to charm and beguile,
but Don Gallico's wasn't so winning



Vincent Price is "Gallico the Great", The Mad Magician (John Brahm, 1954); with Donald Randolph. Image source: vincentprice.org; Wrong Side of the Art. For those of you just tuning in, we're paying limerick tribute to Vincent Price on the 100th anniversary of his birth.

Friday, June 24, 2011

Deceptive Detective



His manner polite, unassuming
He rambled, and slighted his grooming
He appeared absentminded,
so suspects were blinded
to murder indictments a-looming

Actor Peter Falk, beloved as television's detective Columbo, has died.

Depth Warmed Over



When a rival demands his creation
it denies him a standing ovation
But the tables are turned
and in Hades he's burned
as he tries his new brand of cremation



Vincent Price gets hot under the collar as
The Mad Magician (John Brahm, 1954). As illusionist Don Garrico, Price creates and executes both buzz-saw and crematorium stage tricks, the latter on rival magician "The Great Rinaldi", played by John Emery.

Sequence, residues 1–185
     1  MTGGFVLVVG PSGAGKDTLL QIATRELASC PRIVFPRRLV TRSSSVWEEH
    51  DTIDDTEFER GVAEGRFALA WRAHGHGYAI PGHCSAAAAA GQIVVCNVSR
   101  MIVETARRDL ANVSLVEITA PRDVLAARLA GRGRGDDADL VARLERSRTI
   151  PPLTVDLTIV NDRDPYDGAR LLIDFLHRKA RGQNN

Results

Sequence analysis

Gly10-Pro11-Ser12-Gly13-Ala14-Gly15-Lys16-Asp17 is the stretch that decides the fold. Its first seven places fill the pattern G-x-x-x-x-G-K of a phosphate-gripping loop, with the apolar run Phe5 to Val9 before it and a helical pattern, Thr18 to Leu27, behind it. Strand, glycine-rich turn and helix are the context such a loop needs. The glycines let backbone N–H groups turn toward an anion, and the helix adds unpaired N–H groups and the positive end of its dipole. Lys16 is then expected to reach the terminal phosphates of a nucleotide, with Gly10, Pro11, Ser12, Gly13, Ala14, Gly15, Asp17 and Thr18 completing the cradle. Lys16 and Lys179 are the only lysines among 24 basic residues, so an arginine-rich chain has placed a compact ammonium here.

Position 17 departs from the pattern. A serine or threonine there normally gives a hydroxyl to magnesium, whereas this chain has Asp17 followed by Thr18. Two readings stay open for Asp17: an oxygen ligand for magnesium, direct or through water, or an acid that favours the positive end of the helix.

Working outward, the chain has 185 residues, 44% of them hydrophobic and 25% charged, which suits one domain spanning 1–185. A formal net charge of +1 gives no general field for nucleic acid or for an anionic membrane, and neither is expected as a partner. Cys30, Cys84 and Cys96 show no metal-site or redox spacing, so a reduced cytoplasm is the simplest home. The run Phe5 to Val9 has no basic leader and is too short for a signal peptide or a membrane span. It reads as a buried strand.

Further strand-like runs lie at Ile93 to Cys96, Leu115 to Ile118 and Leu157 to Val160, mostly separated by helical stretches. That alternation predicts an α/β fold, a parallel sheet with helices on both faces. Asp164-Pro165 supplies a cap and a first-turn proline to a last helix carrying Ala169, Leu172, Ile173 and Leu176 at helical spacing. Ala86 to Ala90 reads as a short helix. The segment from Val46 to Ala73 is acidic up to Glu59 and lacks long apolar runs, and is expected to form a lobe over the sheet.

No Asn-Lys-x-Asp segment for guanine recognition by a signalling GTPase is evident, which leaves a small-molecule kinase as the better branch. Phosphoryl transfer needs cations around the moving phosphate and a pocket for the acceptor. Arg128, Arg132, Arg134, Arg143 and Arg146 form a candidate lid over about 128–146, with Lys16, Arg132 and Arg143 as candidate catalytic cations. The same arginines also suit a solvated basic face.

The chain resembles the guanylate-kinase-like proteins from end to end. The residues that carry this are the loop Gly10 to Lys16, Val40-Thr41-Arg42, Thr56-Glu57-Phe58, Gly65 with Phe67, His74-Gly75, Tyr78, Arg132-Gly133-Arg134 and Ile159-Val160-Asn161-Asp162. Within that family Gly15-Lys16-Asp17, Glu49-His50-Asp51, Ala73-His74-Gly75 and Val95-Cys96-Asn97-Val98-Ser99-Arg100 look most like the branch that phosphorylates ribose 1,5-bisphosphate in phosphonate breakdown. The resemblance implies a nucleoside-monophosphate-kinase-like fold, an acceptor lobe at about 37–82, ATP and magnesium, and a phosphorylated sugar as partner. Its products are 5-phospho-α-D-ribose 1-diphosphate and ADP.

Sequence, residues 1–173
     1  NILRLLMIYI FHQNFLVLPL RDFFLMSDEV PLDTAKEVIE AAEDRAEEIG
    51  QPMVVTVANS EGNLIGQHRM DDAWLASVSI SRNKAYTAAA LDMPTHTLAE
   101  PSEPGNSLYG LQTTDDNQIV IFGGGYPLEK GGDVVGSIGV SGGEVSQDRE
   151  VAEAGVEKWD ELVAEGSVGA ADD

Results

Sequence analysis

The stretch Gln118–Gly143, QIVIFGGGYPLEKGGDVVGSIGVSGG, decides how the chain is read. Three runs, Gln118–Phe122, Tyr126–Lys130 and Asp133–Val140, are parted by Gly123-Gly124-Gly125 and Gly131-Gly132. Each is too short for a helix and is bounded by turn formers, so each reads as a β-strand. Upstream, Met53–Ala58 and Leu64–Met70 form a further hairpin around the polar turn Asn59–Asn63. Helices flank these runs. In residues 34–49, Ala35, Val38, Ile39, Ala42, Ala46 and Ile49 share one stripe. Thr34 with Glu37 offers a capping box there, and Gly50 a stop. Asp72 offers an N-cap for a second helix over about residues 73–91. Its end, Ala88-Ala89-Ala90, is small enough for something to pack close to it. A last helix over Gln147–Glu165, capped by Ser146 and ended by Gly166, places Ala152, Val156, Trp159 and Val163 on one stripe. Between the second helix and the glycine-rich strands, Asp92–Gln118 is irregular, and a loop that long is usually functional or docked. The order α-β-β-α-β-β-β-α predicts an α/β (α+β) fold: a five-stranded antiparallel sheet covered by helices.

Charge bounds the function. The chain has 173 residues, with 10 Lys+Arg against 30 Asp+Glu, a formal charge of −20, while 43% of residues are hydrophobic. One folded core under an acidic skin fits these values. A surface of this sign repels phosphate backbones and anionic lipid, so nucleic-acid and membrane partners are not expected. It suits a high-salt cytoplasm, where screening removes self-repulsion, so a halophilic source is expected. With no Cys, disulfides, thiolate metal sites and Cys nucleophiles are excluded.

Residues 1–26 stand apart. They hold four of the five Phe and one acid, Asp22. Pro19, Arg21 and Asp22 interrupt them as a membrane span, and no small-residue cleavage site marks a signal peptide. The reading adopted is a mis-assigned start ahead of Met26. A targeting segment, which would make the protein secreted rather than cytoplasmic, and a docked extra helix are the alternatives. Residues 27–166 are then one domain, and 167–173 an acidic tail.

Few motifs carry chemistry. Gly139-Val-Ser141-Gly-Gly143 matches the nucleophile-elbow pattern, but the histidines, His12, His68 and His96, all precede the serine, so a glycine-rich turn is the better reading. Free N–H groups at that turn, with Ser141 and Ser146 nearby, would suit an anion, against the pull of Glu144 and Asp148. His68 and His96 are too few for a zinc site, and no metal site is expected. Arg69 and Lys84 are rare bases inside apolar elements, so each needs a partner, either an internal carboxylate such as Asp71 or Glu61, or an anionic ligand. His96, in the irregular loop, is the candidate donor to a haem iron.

Voice-Over-Whelmed



The fugitive watches and waits
in fleabags with hourly rates
Alone in his room
he's had it with gloom...
and that F-ing narration he hates

Radio veteran William Conrad provided the pithy and often downbeat voice-over narration for The Fugitive, a QM Production — starring David Janssen as Dr. Richard Kimble, "an innocent victim of blind justice, falsely convicted for the murder of his wife... reprieved by fate when a train wreck freed him en route to the death house...freed him to hide in lonely desperation, to change his identity, to toil at many jobs..." It gets lonely here on Fugitive Fridays.

Thursday, June 23, 2011

Abra-Cadaver!



Using magic trick cyclic devices
he decapitates, slices and dices
Taking center onstage
is a vengeance-fueled rage
And such madness is priceless when Price's



Vincent Price is The Mad Magician (John Brahm, 1954). Yes, that's Price, in yet another disguise, levitating Mary Murphy. Thanks to David Cairns for using his head on the title.